Dr Conor Deasy, National Clinical lead of last week’s Major Trauma Audit Report 2016, highlighted that 28 per cent of patients last year needed to be transferred to another hospital because their required treatment could not be provided in the first hospital.
The National Office of Clinical Audit (NOCA) has welcomed this week’s publication of the report, which has emphasised the need for change in how trauma services are delivered.
Dr Deasy commended the work of the Trauma Steering Group, commenting: “Key investigations and management are currently being delayed, with only one-third of patients with head injuries requiring a CT scan receiving one within one-hour, in line with international best practice standards.
“Major Trauma Audit by NOCA will measure the effects of the changes in trauma care delivery on processes of care (for example seniority of doctors involved in trauma care, time to CT, theatre or an intensive care bed, access to rehabilitation etc) and outcomes (for example survival and quality of life of survivors)”.
He explained that the recommendations arising from the Trauma Steering Group need to be implemented so that a cohesive trauma system will be put into place in Ireland.
Currently, none of the 26 trauma receiving hospitals in Ireland meet international criteria to be designated as a major trauma centre and none receive the threshold volume of severely injured patients to maintain clinician’s skills in the delivery of care to this complex group of patients. The international experience from trauma networks in England, Wales and Australia tells us that, where trauma networks have been introduced, there will be a resulting 30 per cent increase in odds of survival.
The Irish Association for Emergency Medicine (IAEM) has also warmly welcomed publication of the report, claiming that the association has; “for many years, highlighted the urgent need to reform how trauma care is delivered to this small but very important subset of patients who sustain major life-threatening or life-changing injury.”
The IAEM highlighted how these suggested changes would ultimately benefit o the patient, their family and society, as getting the right patient to the appropriate people with the right skill set as early as possible would mean that the patient has the best chance of survival, a shorter recovery time, and a better chance of getting back to life as they knew it before their injury, saving lives and money.
The association outlined the situation as it stands for trauma patients currently: “Today, if you crash your car on Dublin’s M50 and sustain head, spinal, abdominal and bony injuries, you will be brought from the crash site to the nearest hospital. No one hospital in Dublin has all the trauma specialties on site – you will need to be transferred from the first hospital to the neurosurgical centre at Beaumont Hospital to have your brain bleed operated on; be moved from there to the Mater Misericordiae University Hospital to have your unstable spinal injury operated on and from there to Tallaght Hospital to have your fractured pelvis operated on and ultimately be moved from there to the National Rehabilitation Hospital in Dun Laoghaire for rehabilitation.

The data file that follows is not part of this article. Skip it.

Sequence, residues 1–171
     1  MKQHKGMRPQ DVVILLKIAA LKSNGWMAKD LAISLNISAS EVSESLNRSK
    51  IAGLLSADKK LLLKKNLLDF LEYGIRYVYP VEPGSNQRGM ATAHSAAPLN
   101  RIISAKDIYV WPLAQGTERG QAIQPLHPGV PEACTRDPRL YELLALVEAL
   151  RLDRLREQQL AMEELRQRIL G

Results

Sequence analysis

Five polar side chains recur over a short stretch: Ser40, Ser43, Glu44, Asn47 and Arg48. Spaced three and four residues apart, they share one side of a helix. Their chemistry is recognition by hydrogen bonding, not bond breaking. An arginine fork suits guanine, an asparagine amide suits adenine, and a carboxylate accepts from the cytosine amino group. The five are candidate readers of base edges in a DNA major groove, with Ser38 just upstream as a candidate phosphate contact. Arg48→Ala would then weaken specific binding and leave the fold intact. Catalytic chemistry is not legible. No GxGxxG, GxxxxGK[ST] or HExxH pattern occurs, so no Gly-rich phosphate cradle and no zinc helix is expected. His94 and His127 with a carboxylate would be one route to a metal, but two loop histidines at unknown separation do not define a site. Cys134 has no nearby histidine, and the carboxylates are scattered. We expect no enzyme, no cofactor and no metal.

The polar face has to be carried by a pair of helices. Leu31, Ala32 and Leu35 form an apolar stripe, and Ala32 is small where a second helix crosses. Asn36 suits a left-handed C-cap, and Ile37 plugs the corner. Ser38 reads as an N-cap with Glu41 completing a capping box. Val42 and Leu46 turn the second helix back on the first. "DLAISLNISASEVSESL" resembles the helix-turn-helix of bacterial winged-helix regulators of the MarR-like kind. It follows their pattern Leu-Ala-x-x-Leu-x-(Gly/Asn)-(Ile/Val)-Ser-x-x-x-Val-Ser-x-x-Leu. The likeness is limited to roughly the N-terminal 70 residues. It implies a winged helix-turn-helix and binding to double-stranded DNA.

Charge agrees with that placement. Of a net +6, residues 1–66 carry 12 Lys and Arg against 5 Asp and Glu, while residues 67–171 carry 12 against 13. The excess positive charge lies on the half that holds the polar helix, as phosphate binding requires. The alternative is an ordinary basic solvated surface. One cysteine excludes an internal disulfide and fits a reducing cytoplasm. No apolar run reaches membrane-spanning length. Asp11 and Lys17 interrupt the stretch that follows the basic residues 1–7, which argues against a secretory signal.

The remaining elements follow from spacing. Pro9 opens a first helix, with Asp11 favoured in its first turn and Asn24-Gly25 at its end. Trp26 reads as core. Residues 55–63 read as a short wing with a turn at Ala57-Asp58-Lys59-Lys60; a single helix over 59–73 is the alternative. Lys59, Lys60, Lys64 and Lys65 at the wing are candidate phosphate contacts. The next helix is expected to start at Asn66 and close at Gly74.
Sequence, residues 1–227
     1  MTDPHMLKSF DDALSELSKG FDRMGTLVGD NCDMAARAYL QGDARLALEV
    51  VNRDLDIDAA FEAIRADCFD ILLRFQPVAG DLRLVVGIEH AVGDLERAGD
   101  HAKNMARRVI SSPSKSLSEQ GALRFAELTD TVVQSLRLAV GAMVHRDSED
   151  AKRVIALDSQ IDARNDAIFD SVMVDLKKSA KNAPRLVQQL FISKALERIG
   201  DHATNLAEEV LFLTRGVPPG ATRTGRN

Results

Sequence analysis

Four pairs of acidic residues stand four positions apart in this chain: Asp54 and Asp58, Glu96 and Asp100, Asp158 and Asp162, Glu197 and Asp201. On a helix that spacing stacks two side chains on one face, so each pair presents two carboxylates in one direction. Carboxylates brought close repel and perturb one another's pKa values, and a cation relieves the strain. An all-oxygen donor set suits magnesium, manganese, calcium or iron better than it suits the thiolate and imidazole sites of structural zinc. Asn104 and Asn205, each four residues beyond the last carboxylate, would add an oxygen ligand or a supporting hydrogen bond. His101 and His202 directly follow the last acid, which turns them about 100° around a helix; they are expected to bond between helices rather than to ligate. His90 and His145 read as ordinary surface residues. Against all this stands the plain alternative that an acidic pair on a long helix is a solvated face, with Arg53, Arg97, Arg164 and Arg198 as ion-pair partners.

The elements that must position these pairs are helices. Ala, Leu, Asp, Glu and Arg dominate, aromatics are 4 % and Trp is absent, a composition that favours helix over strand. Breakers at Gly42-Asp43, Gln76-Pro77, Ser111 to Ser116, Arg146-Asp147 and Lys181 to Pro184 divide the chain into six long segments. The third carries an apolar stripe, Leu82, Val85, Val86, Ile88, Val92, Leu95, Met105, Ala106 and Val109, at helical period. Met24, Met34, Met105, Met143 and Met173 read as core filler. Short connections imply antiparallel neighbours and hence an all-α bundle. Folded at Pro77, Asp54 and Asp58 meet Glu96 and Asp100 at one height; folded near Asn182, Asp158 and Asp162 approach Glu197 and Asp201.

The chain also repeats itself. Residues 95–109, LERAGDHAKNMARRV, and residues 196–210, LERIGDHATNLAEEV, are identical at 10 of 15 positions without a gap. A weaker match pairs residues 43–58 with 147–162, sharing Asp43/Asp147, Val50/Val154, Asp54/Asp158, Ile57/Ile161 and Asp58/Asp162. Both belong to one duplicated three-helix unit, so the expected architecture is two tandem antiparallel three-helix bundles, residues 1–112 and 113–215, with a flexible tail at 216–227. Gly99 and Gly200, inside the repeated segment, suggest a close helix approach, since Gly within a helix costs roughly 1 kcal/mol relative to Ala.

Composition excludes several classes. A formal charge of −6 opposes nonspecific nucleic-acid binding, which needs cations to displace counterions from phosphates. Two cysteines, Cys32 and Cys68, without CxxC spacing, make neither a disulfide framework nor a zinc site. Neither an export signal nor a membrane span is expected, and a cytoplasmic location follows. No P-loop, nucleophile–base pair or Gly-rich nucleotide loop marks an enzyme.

“The situation in rural Ireland is similarly inadequate. If you sustain the same constellation of injuries in Claremorris, for example, you will be brought to the Emergency Department in Mayo University Hospital. While you will be able to undergo emergency surgery there to stop bleeding from your abdominal organs, many vital hours will typically be lost before a bed is available at the neurosurgical or spinal centre and a team is available to transfer you.
“These hours make a difference to the likelihood of a good recovery. Already, a number of smaller hospitals have trauma by-pass protocols in place whereby ambulances will avoid bringing patients with obvious significant fractures to that hospital – this report supports further work towards ensuring that patients are triaged to the right hospital that has the right expertise available to manage that patient’s injuries”, the IAEM warned.
The fundamental philosophy of the Inclusive Trauma System model is that there would be a shared responsibility between the smaller hospital and the Trauma Service at the Major Trauma Centre to ensure a ‘push and pull’ approach exists to get the patient to the right care quickly. With the Major Trauma Centre, all trauma specialities would be on site at the hub so that if the patient’s needs exceed that which can be delivered at the Trauma Unit, Local Emergency Hospital or Injury Unit, the patient can be transferred without delay.